Tesla and SpaceX's CEO Elon Musk gestures
File photo: Tesla and SpaceX's CEO Elon Musk gestures, as he attends political festival Atreju organised by Italian Prime Minister Giorgia Meloni's Brothers of Italy (Fratelli d'Italia) right-wing party, in Rome, on December 16, 2023. Image Credit: REUTERS

Elon Musk's artificial intelligence company, xAI, has secured $500 million in commitments from investors toward a $1 billion goal, according to people with knowledge of the talks.

The company is discussing a valuation of $15 billion to $20 billion, though terms could still change in the coming weeks, the people said, declining to be named because they were not authorized to speak publicly about the investment. Musk said on X, the network formerly called Twitter, that the report was "fake news."

More on Musk's Grok

Musk launched the startup last year as an alternative to Open AI, which he co-founded and later left over philosophical differences about how to profit from the technology. xAI's product, a chatbot named Grok, is developed using social media posts on X, which Musk also owns. That allows Grok to access more recent data for its answers than other chatbots.

The two companies' investors will likely overlap too.

Those who backed Musk's $44 billion takeover of Twitter include Larry Ellison, Sequoia Capital, Andreessen Horowitz, Fidelity Management & Research Co. and Saudi Prince Alwaleed bin Talal.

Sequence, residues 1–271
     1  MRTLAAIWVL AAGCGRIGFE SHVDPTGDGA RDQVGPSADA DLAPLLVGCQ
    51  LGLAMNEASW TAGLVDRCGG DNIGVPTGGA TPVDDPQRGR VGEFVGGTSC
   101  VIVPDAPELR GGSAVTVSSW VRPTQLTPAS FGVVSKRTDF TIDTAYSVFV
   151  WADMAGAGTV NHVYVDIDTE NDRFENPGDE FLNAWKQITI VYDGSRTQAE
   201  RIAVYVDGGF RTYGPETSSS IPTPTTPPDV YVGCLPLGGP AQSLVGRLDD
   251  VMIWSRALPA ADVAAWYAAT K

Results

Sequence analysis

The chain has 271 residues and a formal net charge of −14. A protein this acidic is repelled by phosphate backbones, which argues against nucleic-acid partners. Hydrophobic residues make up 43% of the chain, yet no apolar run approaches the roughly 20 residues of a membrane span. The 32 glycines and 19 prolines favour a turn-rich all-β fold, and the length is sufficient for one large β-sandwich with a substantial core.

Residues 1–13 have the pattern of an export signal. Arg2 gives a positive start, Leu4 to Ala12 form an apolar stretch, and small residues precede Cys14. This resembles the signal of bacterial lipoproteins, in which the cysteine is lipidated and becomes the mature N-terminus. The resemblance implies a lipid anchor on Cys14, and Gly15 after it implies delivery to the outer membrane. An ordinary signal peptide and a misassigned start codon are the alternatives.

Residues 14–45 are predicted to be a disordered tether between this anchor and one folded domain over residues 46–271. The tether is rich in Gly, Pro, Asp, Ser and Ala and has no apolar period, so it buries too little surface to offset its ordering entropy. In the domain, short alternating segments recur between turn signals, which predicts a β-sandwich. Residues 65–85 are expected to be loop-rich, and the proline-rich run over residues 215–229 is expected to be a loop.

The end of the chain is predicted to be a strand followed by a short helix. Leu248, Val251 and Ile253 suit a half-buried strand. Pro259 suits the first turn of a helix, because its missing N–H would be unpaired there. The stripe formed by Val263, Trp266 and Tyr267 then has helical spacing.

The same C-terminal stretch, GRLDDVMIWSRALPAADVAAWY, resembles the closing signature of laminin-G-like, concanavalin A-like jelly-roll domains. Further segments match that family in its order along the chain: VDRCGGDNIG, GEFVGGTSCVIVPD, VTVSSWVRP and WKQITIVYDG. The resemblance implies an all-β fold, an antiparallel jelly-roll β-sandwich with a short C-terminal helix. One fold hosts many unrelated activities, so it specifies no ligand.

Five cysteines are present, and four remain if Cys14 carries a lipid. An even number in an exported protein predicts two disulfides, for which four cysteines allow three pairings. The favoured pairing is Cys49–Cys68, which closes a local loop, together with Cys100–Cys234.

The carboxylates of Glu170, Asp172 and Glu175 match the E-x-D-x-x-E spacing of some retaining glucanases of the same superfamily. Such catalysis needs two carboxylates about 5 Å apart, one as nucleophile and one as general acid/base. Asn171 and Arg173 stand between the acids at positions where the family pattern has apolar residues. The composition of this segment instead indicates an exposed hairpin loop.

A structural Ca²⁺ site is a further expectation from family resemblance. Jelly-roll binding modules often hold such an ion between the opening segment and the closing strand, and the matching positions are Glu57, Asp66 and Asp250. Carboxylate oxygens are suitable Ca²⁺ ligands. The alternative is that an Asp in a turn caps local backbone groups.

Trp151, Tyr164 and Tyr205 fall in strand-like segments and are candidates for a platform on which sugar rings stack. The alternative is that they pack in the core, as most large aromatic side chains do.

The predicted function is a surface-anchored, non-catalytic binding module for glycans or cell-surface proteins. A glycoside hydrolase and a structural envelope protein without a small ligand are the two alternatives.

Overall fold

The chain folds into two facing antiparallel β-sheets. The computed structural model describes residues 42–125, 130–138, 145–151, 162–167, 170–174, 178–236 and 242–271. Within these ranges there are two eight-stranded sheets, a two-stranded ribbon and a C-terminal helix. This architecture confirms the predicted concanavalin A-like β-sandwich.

Musk said in November that equity investors in X will own 25% of xAI. In practice, that means those investors are invited to invest in xAI at least 25% the amount they invested in X, according to a person with knowledge of the arrangement. If they invested $10 billion in X, they're invited to invest $2.5 billion or more in xAI, for example.

Musk and investors are expected to finalize terms in the next couple weeks, the people said.

Some parties are evaluating whether they can get computing power in addition to, or in some cases instead of, xAI equity shares, one of the people said. That would be beneficial to venture firms' portfolio companies, which need to process data intensively in order to build new artificial intelligence products.